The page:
In 1871 Gov. Cox took up the subject of photo-micrography, and in 1875 began making the series of photo-micrographs of diatomaceae so well known to many members of the society. Of this series of photo-micrographs, several hundred in number, Gov. Cox kept the same careful record as of all his other work with the microscope. His note books show the date when each negative was made, with full particulars concerning the object, illumination, apparatus employed, photo-micrographic technique, etc. Prints from this carefully numbered series of negatives were distributed by him to all the leading authorities on the diatomaceae. As a result of this work Gov. Cox received at the Antwerp exposition in 1891 the gold medal awarded for the greatest excellence in micrography.

In 1881 Gov. Cox was elected a fellow of the Royal Microscopical Society, and in August, 1882, was elected a member of (the American Society of Microscopists) at the Elmira meeting.

At the Chicago meeting in 1883 he was present and contributed a brief paper descriptive of the modification devised by him of the Wales Microscope stand, which modification became known as the "Concentric" stand.

At this meeting he was nominated and elected president of the society for the next meeting, which was held at Rochester in 1884. His presidential address at the Rochester meeting embraced a masterly discussion of the Tolles-Wenham controversy over the angular aperture of objectives used with balsam mounts. No one who had followed that lengthy and acrimonious dispute can fail to admire the clear, logical and exhaustive, yet brief, analysis of the arguments pro and con and the very numerous errors so strenuously maintained by the opponents of the "extra" balsam angle during the years when that unfortunate controversy dragged its slow length along through the literature of microscopy.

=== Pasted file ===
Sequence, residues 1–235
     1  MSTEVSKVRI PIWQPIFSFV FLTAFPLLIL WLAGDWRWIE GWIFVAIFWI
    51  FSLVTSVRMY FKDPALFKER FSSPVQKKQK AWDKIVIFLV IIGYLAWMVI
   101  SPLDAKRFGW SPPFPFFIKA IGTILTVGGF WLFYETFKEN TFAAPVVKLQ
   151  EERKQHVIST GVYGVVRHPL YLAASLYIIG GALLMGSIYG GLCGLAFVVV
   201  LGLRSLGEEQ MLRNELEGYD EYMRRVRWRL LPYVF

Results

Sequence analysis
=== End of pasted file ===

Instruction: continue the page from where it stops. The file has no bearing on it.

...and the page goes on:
At the same meeting, Gov. Cox read an interesting paper on photomicrography with high powers, which displayed not only a thorough acquaintance with the subject and great experience in the work, but served as a text around which animated discussion was waged for the next two or three meetings, the views maintained and the practice advocated by Gov. Cox in that paper being finally vindicated by demonstrations afforded by the work of several other well known and active members of the society.

At the Cleveland meeting in 1885, Gov. Cox read a second paper on the subject of photo-micrography with high powers.

At the Chautauqua meeting in 1886 Gov. Cox, in collaboration with Mr. W.H. Walmsley, conducted a practical exhibition of photo-micrographic work which was of great value in familiarizing many interested members of the society with the technique and manipulation essential in that class of work, which at that time was rapidly growing in favor.

At the Washington meeting in 1892, Gov. Cox was a second time elected president of the society, and presided at the Madison meeting in 1893. In the intervening years he contributed to the society other valuable papers, one of the most painstaking being his paper read at the Detroit meeting in 1890 on the classification of the diatoms.

After 1895 he practically ceased work with the microscope, fearing its effect upon his eyes, but his interest in microscopy and the study of natural history by the aid of the microscope continued unabated during his life. His accumulation of careful and minutely detailed records, not only served as valuable helps to Gov. Cox in his work, but afforded the means by which the path he followed and the steps he took in his investigations can be accurately followed and fully understood by one who now reads the same.

During the last few years of his life, Gov. Cox, in company with his son, J.D. Cox, Jr., of Cleveland, spent several weeks each summer in yachting upon the New England coast, sometimes accompanied by other relatives and friends. During these periods Gov. Cox kept a careful log of their daily wanderings, noting the barometer reading, course of winds, distances sailed, points visited, etc., with all the careful attention to detail which characterizes the most experienced ship master.